Next month a film called Clash Of The Titans will hit your screens. It’s a remake of the 1981 film where Greek gods and monsters, well, clash. If you look closely, in one or two scenes you may see the top of my head or an elbow because last August, I was a film extra.
I’d wanted to be an extra – or background artiste – since 1984’s Indiana Jones And The Temple of Doom. Many of the slave children from the mine sequences in that Spielberg movie were from my school in west London (some went on to work in jade mines in Africa). But the people in my year didn’t know about the casting, it was for the years below.
I must admit to being ever-so-slightly jealous of one boy, Raj Singh, who was two years above me. He went to stage-school at the weekend and landed the plum speaking role of the Little Maharaja of Pankot, sat opposite Harrison Ford at that infamous feast where the heads of monkeys were used as bowls and creepy crawlies were chewed alive.
(According to a dedicated Indiana Jones wiki site, Raj now lives in Illinois and is a ‘flight dispatcher for United Airlines’, but I wouldn’t trust this information.)
Not that I coveted a speaking part. I would have been happy being whipped in the mines like Rajan Das from class 1B, whose smiling face when the slaves were set free got to fill one frame and a good split second of the Spielberg movie.
In Clash, I was cast as a religious zealot barbarian which, being Iranian, I wasn’t happy with; in my own country that’s enough to make me president. Worryingly, the make-up department didn’t add too much to me when I turned up every day at 6am. “Take your glasses off,” they said. No one wore them in ancient Greece. But they did get me to grow a beard.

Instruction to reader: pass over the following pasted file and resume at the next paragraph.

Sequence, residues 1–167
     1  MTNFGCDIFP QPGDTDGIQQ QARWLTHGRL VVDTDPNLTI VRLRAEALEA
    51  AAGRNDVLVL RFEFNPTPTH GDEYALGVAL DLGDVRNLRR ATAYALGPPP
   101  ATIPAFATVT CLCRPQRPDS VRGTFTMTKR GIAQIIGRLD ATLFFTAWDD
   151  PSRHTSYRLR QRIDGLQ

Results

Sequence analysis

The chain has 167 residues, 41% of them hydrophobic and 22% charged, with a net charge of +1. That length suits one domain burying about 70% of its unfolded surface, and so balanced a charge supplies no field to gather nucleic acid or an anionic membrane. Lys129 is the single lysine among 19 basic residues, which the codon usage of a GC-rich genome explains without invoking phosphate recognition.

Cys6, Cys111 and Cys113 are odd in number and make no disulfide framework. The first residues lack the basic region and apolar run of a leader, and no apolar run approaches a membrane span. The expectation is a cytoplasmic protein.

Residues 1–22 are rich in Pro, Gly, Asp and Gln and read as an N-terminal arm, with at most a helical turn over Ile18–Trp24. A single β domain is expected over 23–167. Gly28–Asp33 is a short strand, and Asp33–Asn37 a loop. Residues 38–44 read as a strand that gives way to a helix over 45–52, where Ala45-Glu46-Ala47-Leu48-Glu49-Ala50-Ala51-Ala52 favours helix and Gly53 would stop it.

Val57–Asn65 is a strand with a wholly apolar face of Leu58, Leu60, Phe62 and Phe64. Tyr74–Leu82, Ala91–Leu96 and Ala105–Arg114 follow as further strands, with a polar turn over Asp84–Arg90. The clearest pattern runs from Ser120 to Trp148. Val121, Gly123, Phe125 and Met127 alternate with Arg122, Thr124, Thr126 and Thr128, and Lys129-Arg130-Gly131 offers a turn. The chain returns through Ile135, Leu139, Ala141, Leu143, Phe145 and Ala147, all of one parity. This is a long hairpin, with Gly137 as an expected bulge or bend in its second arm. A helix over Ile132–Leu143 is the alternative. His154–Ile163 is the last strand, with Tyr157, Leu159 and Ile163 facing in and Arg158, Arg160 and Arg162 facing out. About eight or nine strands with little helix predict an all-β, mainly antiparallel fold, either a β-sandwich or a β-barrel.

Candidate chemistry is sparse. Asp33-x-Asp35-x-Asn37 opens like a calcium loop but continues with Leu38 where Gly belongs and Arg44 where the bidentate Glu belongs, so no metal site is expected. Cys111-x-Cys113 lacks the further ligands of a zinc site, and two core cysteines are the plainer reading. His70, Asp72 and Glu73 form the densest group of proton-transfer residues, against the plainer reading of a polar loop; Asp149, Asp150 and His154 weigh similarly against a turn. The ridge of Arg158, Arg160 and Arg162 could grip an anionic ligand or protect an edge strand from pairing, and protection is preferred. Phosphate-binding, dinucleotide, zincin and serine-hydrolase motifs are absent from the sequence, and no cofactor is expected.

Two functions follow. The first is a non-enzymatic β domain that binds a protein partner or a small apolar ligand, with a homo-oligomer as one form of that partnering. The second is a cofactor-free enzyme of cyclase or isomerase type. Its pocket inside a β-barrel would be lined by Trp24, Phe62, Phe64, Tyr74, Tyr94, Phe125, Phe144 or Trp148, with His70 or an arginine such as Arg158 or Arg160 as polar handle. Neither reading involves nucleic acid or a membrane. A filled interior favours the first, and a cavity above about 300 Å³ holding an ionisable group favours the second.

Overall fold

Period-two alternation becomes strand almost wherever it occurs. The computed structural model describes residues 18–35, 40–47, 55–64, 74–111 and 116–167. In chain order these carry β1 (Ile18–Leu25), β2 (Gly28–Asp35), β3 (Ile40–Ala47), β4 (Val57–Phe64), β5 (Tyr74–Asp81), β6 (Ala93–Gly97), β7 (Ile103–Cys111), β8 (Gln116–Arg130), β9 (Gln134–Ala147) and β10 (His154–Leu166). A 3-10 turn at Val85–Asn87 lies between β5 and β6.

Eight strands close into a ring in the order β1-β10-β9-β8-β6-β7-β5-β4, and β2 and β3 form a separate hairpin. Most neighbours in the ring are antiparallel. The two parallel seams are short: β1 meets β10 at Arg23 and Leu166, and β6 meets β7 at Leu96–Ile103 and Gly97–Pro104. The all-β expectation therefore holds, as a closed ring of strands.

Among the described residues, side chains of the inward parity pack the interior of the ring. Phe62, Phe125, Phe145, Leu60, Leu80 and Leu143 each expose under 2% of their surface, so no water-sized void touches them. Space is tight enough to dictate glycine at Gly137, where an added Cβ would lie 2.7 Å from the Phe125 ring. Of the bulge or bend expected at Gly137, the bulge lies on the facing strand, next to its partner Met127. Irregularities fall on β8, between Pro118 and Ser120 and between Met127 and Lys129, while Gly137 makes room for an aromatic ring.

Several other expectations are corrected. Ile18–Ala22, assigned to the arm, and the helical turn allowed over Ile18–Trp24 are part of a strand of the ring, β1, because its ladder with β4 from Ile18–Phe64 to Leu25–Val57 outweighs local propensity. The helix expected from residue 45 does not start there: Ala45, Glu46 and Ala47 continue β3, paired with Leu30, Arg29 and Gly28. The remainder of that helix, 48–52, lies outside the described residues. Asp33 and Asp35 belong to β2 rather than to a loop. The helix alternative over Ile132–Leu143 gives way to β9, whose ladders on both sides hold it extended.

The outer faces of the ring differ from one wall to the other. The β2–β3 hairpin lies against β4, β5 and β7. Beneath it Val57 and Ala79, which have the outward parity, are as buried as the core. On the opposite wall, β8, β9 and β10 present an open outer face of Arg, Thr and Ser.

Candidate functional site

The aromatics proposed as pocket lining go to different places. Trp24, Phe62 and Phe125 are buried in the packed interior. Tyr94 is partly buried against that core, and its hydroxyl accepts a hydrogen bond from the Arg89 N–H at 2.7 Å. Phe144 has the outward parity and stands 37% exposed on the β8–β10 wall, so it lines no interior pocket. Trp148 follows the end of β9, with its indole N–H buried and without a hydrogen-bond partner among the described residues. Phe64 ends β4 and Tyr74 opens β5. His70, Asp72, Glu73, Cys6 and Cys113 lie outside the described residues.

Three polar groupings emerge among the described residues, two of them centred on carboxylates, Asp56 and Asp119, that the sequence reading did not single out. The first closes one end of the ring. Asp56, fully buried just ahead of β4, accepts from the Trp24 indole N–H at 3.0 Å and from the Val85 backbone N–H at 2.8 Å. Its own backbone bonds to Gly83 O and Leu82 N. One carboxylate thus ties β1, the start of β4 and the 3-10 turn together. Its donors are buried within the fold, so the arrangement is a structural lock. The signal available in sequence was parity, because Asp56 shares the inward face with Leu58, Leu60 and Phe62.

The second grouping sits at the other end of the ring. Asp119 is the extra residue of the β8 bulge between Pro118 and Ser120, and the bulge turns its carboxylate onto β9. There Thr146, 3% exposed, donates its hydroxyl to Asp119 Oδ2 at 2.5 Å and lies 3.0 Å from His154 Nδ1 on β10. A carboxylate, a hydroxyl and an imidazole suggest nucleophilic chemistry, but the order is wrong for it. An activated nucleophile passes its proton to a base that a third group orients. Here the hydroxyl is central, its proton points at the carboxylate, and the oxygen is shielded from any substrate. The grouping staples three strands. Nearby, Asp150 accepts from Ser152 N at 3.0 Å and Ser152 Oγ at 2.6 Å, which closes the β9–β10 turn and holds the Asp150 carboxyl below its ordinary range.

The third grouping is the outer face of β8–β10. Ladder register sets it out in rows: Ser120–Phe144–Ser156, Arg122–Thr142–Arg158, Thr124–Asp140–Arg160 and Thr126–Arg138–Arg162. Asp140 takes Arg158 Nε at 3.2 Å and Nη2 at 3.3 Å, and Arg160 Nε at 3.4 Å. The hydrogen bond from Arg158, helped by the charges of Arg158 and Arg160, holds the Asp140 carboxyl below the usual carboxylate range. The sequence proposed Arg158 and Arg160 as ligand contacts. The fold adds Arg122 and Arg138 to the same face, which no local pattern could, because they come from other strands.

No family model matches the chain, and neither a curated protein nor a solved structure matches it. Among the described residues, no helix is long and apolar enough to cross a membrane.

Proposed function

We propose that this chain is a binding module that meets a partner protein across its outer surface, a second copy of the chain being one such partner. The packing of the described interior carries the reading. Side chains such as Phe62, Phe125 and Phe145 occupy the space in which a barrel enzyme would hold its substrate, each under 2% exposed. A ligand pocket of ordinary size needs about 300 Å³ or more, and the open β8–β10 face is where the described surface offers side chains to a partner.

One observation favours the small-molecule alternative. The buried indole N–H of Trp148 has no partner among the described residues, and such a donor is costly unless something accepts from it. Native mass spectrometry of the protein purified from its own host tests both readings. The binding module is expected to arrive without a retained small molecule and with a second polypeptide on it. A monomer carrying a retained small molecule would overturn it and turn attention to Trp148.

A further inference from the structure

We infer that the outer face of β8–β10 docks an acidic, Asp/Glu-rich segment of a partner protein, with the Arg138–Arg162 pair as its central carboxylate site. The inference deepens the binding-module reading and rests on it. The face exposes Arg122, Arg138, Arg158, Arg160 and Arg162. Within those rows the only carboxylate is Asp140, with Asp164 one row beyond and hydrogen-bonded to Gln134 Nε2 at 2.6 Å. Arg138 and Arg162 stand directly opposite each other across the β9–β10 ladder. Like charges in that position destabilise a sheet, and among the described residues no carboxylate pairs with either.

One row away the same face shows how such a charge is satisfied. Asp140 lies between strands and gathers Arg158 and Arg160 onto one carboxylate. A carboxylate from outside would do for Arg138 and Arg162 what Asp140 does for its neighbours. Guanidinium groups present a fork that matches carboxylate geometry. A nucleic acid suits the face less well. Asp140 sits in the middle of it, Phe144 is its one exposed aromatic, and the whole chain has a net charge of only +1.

Often, as an extra, you face the challenge of doing absolutely nothing for hours. You can’t even read a book or listen to your iPod – the costume people will take it off you. One day, dozens of us were sat for what seemed like a thousand years, in a studio where a big fire pit had been constructed. This along with the lighting rigs created an oven-like intensity. I walked around talking to different people, as you do, in the hope that they would let me count their fingers, having run out of my own.
When we were shepherded into action we invariably had to express surprise or fear. I got pulled up for overacting with jazz-hands when the invisible Kraken rose out of the sea.
Next month I have the option of being a film extra again – my head will be shaved and I’ll be waxed all over. This suggests I won’t be wearing much which, with the weather as cold as it is right now, will be just short of physical abuse. Naturally I’ll say yes.